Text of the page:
“Validate & align” requires that all the activities done per “silo” is now done increasingly across all the data based on commonly defined definitions and business rules.

This is not enough: a customer (or multi-dimensional) profitability model must be defined and developed. With a multi-dimensional profitability model based on the most granular data, we now target a completely aligned data set with the following characteristics and benefits:
 
  • All data reconciles back to source, in real time and in an automated way.
  • All data transformations and reference data are defined and documented.
  • The Foundation provides data for other reporting and analysis activities across Finance and Risk.
  • All data is ready for any type of forward-looking activities (e.g. forecasting, modeling, what-if, etc.).
A digitally-driven Finance team holds to this vision, but pragmatically recognises that this is a journey that matches incremental value with incremental investment. No single project should be tasked with delivery of the whole.

Teradata has worked with many customers who have changed their mindsets and made progress on a data driven foundation. This experience reinforces progress which is closely aligned to the original value objective of the transformation programme – and we’d be excited to help you to deliver success.

Without the vision that we spell out here, the next regulatory requirement will once again demand reconciliation across your silos and you’ll simply never deliver within a pragmatic budget. Forward looking CFOs are implementing this today and focused on supporting the transition to the Digital Bank of the Future – more of which we'll cover in our second blog.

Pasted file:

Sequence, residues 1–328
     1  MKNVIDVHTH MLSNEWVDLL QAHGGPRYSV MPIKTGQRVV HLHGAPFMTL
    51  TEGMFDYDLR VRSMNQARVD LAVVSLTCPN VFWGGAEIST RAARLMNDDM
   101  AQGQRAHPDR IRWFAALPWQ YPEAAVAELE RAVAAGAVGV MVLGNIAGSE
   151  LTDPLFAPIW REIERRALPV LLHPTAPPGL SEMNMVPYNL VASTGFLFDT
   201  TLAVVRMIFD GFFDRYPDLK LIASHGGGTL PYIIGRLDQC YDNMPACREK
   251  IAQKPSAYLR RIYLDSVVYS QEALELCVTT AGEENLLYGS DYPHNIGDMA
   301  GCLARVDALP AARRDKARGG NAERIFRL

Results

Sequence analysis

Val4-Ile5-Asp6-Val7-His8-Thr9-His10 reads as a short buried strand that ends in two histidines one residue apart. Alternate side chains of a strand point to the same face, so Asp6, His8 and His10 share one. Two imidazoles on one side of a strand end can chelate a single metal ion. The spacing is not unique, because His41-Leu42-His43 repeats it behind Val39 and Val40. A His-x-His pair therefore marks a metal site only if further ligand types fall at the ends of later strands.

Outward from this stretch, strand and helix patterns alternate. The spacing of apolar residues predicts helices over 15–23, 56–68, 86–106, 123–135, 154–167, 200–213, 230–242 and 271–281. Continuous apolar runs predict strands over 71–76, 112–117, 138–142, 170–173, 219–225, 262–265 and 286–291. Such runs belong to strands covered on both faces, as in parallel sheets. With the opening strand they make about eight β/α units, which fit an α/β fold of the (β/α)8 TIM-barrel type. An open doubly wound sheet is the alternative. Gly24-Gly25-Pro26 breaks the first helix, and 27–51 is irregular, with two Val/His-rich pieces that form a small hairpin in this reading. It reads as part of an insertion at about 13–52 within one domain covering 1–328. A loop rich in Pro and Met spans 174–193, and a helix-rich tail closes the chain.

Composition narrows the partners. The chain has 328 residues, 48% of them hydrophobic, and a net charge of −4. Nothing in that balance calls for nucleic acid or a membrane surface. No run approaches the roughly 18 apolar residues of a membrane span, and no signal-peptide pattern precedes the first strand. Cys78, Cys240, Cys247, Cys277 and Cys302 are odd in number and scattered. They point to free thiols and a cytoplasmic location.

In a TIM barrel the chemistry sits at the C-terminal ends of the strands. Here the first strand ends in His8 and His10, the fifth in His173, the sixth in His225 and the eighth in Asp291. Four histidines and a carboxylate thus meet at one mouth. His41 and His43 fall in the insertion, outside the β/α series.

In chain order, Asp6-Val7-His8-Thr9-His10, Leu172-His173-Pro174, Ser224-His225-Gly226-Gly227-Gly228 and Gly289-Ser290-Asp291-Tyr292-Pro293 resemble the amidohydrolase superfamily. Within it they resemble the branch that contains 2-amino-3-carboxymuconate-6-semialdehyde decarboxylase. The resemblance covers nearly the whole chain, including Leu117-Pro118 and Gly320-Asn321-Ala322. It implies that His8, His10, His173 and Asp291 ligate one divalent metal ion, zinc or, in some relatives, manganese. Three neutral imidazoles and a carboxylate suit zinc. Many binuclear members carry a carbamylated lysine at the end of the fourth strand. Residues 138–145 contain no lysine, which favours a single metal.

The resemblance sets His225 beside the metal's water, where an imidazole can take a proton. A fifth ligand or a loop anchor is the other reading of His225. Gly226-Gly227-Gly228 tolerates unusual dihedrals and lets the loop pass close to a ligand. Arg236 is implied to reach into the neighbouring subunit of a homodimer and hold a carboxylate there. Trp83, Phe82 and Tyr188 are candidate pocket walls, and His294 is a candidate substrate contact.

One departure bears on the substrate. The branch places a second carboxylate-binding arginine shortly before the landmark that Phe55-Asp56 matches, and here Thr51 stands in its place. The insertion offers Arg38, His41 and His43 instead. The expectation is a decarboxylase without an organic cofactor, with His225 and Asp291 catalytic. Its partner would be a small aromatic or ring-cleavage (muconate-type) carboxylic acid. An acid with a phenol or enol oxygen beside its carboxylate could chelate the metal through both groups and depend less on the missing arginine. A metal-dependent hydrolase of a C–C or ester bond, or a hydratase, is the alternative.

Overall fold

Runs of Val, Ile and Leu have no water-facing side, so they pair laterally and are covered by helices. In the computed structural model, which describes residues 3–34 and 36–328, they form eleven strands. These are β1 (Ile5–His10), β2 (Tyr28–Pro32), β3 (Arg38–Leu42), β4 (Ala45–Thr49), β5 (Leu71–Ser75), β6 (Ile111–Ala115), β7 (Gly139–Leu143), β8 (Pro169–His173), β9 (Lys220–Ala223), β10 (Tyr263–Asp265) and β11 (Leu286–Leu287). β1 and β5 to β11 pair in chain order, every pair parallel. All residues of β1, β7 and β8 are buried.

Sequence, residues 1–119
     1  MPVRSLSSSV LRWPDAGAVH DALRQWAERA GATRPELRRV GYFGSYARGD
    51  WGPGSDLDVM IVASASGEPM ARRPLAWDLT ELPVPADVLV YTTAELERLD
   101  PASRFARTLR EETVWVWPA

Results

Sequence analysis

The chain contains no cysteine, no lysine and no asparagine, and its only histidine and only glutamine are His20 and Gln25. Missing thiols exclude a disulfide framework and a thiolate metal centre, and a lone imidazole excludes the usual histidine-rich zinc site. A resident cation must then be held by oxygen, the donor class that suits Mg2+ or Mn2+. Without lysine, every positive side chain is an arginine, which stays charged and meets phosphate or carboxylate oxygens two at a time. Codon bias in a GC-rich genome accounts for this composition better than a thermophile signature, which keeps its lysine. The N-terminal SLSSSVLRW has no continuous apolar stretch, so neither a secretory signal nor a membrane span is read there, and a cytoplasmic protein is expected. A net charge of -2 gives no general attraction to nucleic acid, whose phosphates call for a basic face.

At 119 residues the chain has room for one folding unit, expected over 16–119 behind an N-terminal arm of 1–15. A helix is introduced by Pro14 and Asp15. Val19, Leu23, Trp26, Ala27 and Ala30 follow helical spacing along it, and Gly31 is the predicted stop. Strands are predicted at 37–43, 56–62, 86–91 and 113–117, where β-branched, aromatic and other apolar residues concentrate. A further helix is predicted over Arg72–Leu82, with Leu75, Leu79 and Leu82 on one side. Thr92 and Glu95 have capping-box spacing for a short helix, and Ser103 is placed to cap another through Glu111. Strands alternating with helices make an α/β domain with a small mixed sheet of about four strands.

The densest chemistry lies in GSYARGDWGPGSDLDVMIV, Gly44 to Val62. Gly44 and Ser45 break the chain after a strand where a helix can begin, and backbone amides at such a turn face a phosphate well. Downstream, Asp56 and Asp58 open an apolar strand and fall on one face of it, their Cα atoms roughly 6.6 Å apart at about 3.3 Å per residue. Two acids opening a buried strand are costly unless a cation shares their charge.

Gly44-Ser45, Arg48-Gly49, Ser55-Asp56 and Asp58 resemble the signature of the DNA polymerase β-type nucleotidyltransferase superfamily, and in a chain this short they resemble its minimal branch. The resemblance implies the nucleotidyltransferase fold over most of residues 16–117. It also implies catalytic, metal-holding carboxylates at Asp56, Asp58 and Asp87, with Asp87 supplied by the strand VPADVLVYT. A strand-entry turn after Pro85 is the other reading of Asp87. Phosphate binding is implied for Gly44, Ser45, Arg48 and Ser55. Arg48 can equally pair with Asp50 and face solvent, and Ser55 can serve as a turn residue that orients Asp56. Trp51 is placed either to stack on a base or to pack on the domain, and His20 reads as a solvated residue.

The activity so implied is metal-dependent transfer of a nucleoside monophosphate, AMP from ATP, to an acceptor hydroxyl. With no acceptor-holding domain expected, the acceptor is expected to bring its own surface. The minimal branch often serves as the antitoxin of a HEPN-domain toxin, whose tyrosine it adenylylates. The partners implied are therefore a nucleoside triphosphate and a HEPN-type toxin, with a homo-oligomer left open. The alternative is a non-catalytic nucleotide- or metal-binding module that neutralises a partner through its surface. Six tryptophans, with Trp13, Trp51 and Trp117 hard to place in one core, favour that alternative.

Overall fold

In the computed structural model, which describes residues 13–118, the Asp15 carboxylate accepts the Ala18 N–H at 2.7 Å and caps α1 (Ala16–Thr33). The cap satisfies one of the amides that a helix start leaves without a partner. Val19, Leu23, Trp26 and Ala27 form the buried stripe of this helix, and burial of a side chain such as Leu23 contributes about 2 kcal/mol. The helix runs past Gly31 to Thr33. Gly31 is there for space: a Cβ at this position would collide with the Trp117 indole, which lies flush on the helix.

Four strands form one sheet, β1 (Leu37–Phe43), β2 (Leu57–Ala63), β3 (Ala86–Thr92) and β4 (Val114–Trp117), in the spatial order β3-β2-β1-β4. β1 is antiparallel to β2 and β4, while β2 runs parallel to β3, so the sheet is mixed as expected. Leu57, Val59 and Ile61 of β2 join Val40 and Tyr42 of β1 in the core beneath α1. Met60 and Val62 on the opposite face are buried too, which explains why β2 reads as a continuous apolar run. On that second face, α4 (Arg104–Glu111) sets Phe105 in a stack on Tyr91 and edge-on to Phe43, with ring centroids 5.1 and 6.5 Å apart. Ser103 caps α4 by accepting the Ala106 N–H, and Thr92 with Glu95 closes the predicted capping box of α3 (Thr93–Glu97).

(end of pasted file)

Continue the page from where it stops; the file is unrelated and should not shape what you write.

Portrait of Michael Ingemann

(Author):
Michael Ingemann

Michael Ingemann is the Practice Partner for Financial Management at Teradata International. Michael started out as an auditor in Coopers & Lybrand (now PwC) in the early ‘90s and has ever since worked in a variety of senior finance positions in different industries (Oil & Gas and Airline). Since 2002, he has been working as a senior management consultant delivering all kinds of finance transformation projects for companies in Europe and Asia, where optimization of the Finance department and enhancing their analytical capabilities, via usage of all data, have been the key elements. At Copenhagen Business School, Michael has earned an HD in management/financial accounting (HD(R)). In addition, also from Copenhagen Business School, he has also earned an Executive MBA in General Management.

View all posts by Michael Ingemann
Portrait of Stewart Robbins

(Author):
Stewart Robbins

Stewart is an Industry Consultant with Teradata with about 30 years’ experience in analytics and insights activities, driving commercial value from data. He has spent several years consulting, whilst previously running insight and analytics teams at Barclays Bank and E.ON. He has extensive experience in data analysis, modelling, segmentation, market research, analytical implementation, test and learn, local marketing and data warehousing and has worked with large Banks, a major car manufacturer, public sector organisations and even with a facilities management company.
  View all posts by Stewart Robbins